The Role Lobbyists Play In Your Food
A list of the country’s most powerful lobbyists was released by The Hill earlier this week. If the timing (days away from the election) has you scratching your head on why it matters, consider this:
“Election Day is nearly here, bringing with it a lame-duck session that many in Washington believe will be among the busiest and most consequential of modern times.
“Washington’s corps of lobbyists and advocates will be in the thick of the post-election action, and the best of them—represented here on The Hill’s annual Top Lobbyists list—will be working with gusto to shape the policy choices made on taxes, spending, and the budget,” says The Hill Staff.
No surprise that lobbyists representing food or food-related industries made a strong showing on the power list. Here’s what The Hill had to say about a few of those:
- Abigail Blunt, Kraft Foods. Blunt’s reputation as a whip-smart lobbyist was bolstered this year when she was named head of U.S. government affairs for the new Kraft Food Group.
- Mary Kay Thatcher, American Farm Bureau Federation. Hands-down one of the top agricultural lobbyists in town, Thatcher has labored tirelessly for a farm bill that reforms commodity subsidies while expanding crop insurance protections.
- Ken Cook, Environmental Working Group. Still going strong at the group he cofounded in 1993, Cook is a respected voice on agriculture policy and ethanol fuel.
Who’s missing from the most-powerful list? Agri-Pulse says lobbyists for grain, dairy, oilseed and cotton producers are noticeably absent. We’re also surprised that Big Ag interests like Dow, ConAgra, and Monsanto are also missing.
We’re not sure of the exact criteria The Hill used in drawing up the list—they admit their definition of “lobbyist” is broad—but we think Monsanto should have made the list. After all, in the first three quarters of 2012, the company’s lobbying disclosure forms show they spent close to $5 million on influencing issues like biotech regulations, the Pesticide Registration Improvement Act, Roundup Ready alfalfa, and sugar beets.
Earlier this month, CBS News aired a lobbying 101 segment featuring James Thurber, Director of the Center for Congressional and Presidential Studies at American University. Thurber’s definition of a lobbyist is quite simple: “Someone who advocates for someone else and is getting paid for it.”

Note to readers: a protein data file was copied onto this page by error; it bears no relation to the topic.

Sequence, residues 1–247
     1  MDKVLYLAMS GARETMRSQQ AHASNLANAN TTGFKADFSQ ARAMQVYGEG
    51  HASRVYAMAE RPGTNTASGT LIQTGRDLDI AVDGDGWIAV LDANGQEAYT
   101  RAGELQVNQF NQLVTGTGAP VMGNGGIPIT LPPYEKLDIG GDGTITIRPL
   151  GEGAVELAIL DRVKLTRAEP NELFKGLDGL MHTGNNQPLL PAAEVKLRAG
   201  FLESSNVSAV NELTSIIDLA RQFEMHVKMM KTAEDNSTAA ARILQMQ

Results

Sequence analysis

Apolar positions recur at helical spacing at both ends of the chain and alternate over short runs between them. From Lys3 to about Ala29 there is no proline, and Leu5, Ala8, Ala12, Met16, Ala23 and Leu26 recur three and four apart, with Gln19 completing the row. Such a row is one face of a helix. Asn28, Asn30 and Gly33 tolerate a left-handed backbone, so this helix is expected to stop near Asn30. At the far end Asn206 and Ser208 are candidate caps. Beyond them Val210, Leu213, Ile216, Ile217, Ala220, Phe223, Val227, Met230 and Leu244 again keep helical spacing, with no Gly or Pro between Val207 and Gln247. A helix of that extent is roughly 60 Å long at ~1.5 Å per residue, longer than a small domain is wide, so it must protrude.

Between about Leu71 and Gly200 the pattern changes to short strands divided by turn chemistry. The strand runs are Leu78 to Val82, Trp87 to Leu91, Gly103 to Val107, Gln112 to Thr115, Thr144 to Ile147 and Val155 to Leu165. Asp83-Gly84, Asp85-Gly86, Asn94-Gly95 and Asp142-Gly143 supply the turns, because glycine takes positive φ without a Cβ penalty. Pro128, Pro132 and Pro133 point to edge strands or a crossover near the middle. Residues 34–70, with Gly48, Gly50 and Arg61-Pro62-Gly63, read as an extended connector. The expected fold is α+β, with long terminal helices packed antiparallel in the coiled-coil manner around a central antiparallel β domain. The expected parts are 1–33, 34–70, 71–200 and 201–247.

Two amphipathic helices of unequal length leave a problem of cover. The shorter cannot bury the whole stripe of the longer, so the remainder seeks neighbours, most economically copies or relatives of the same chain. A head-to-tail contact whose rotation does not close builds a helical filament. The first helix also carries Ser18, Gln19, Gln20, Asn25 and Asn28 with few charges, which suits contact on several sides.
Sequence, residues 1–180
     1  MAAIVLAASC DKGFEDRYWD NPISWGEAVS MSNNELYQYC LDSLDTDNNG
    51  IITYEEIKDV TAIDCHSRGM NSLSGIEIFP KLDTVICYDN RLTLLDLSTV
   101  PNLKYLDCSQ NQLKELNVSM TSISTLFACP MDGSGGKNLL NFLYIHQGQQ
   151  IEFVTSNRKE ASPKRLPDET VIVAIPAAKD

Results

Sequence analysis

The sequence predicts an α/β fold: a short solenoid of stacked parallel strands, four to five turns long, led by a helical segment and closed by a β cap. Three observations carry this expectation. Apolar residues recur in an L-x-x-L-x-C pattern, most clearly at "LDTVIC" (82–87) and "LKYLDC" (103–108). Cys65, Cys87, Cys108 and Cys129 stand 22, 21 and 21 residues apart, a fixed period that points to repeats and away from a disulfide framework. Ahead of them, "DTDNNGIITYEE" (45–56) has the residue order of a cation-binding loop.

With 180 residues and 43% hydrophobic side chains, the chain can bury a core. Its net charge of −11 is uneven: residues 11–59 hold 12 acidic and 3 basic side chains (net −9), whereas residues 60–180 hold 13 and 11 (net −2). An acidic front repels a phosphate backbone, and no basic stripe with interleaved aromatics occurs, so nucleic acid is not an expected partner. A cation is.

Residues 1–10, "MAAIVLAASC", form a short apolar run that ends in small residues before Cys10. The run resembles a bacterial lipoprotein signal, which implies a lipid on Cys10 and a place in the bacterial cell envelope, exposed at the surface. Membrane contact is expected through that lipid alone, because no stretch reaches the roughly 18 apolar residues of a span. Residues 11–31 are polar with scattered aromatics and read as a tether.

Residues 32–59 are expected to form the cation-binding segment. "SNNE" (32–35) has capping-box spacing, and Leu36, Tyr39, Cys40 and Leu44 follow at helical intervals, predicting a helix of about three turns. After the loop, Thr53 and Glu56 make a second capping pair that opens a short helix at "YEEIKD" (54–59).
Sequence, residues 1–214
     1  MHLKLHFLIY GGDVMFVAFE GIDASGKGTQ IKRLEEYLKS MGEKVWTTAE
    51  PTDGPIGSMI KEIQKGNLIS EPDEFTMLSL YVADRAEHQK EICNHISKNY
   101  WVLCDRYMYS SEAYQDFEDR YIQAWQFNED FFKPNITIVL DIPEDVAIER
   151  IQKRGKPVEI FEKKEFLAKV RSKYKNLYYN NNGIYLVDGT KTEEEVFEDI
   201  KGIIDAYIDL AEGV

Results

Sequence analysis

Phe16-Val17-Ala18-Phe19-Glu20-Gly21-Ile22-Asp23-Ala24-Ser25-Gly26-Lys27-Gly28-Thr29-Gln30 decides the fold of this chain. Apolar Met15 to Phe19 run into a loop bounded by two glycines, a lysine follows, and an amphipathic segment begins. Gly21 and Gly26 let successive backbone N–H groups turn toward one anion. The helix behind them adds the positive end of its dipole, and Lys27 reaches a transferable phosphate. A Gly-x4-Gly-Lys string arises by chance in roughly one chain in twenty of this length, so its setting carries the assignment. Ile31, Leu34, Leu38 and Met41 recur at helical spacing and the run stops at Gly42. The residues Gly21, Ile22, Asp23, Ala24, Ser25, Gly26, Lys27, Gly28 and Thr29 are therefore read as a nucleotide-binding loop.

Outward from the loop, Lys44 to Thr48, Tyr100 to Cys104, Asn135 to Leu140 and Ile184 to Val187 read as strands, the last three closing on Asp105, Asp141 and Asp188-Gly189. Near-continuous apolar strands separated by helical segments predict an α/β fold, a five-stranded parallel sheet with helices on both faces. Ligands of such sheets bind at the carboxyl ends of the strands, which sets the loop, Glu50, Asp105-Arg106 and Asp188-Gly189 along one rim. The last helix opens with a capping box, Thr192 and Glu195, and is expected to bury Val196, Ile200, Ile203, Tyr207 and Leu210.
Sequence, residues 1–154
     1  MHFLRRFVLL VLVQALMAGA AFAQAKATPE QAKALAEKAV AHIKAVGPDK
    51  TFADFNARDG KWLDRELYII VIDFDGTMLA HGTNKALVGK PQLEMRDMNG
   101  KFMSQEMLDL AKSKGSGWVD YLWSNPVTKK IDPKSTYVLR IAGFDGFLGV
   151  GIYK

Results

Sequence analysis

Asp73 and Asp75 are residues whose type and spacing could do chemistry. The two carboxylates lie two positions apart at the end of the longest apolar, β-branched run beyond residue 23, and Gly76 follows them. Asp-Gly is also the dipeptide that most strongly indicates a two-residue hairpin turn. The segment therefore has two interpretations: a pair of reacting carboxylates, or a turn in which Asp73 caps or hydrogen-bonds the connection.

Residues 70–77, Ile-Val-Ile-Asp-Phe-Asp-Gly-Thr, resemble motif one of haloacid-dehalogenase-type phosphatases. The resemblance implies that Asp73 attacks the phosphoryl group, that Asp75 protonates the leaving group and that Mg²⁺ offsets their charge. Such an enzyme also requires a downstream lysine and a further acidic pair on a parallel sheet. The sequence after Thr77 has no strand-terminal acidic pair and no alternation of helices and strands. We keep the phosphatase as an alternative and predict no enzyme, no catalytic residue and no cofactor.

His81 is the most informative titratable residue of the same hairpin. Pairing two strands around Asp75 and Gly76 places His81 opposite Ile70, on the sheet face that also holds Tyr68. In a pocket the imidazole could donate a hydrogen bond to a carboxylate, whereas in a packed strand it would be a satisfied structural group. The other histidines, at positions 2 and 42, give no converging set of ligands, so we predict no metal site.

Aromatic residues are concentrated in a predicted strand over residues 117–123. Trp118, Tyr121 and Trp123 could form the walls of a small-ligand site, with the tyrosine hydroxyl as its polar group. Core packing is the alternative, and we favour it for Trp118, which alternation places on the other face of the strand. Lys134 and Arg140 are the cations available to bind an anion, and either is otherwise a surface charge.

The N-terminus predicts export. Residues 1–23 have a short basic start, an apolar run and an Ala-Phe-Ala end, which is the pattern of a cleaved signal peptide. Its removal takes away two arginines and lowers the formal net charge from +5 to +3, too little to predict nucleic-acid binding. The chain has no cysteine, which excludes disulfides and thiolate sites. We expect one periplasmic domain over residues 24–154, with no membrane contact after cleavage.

Need an example of how lobbying can directly influence something close to home for millions of Americans? Look back to May when we told you about Sen. Amy Klobuchar, D-Minn.’s role in the pizza as a vegetable move.
“Let’s put the lens on school lunch. In the pizza-as-a-vegetable debacle, Sen. Amy Klobuchar, D-Minn.—who is up for reelection this year—took the time to write a letter to the Department of Agriculture using language identical to that used by Minnesota-based Schwan Food Company, which has nearly 70 percent of the school frozen pizza market, in addition to their Red Baron, Freschetta and Tony's Pizza brands.”
Lobbying interests are also the center of current tussles between the Coalition for Sugar Reform and the American Sugar Alliance to control the U.S. sugar support program; and those between ranchers and farmers over biofuels. (Yes, that’s an energy issue, but it’s also a food one.)
The influence of lobbyists has been a hot topic for years. In the 2008 election, then-Senator Obama promised sweeping reforms, but Thurber bluntly tells CBS News that Obama failed on that promise. Why?
“Because if you want to get a piece of legislation like his health care piece through, you have to bring in big interests. He did. He brought in AARP. He brought in the American Hospital Association. He brought in the AMA in a coalition to support that.”
And, he says, lobbyists aren’t just influencing legislation, they’re helping to write it. Through our food lens here at TakePart, that means the lame-duck session that may be upon us after next week, could indeed, have long-lasting consequences.
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